+ Needs strength. Iffy outside shooter. No post game. Offensive role unclear.
Henson had impressive shot-blocking rates at North Carolina, but it's not totally clear what else he brings to the table. Although he's long and can finish, he shot only 50 percent on 2s; although he has some makings of a midrange shot, he hit only 51 percent from the line. He had very solid ballhandling numbers and that usually projects, plus he could get more easy buckets on fast breaks and weakside cuts.
Nonetheless, he's likely to earn his money as a second-unit energizer in the short term. He lacks the muscle to guard burly post players and will have to use his superior length and leaping ability to offset that, and he'll have to improve as a shooter to establish an offensive role.
DORON LAMB, SG
+ Smooth, long-armed wing with deadly 3-point shot. Very solid ball handler.
+ Pathetic rebounder for size. Must add strength. B athlete at best.
Shooting specialists often make for great second-round picks, and I like Lamb the best of the specialists. He shot 46.6 percent and 48.6 percent on 3s in his two years at Kentucky, plus his ballhandling numbers were very strong -- he might be able to play point in a pinch.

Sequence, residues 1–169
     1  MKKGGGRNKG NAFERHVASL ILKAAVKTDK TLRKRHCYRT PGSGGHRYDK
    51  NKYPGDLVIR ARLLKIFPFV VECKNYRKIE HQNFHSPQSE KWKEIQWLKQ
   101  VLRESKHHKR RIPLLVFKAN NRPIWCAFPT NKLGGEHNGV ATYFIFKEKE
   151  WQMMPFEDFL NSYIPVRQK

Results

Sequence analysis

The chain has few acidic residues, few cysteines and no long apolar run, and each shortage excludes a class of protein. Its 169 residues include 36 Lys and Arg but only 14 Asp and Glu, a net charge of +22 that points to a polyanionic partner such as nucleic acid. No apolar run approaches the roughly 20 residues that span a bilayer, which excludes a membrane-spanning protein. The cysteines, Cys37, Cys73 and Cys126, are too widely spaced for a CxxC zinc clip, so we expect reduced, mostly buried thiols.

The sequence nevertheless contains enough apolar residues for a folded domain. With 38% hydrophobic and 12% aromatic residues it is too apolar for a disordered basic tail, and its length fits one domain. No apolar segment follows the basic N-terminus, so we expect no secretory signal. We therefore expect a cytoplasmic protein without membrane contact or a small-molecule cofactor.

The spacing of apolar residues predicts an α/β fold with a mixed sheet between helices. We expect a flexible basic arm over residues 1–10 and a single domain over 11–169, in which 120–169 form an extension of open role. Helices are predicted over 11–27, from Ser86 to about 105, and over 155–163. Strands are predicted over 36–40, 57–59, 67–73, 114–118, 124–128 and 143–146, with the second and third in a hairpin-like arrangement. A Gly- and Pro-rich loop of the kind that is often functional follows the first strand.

Lamb may be a defensive liability because he's not much of an athlete. He blocked two shots in 1,249 minutes at Kentucky last season, had one of the worst rebound rates of any prospect, and shot only 48 percent on 2s. He also had, by far, the worst rate of steals of any perimeter prospect in the NCAA this year; in fact his was the worst of any player under 7 feet tall.
JOEL PRZYBILLA, C
+ Shot-blocking center who defends rim. Good rebounder at both ends.
+ Can't shoot or handle but will finish at rim. Has no post game or handle.
+ Knee woes have robbed athleticism. Lost quick lift that was defining skill.
Portland started Przybilla 19 times, several of them after the team had already committed to rebuilding, and Milwaukee signed him in the offseason after two other teams pursued him. Both these facts amazed me because, after two serious knee injuries, Przybilla is irrefutably done. The quick leaping that was his differentiating skill is completely gone; he can barely get up to dunk now.
It shows in his results in two seasons since the knee injuries hit -- he's had a PER in the sixes in both campaigns, and while he still rebounds well his offensive numbers have been absolutely atrocious. He's turned the ball over on more than a quarter of his possessions in three straight seasons -- a truly breathtaking rate -- and averaged only 4.9 points per 40 minutes in the past two. Similarly, the once-fearsome shot-blocker averaged only 1.4 blocks per 40 minutes last season.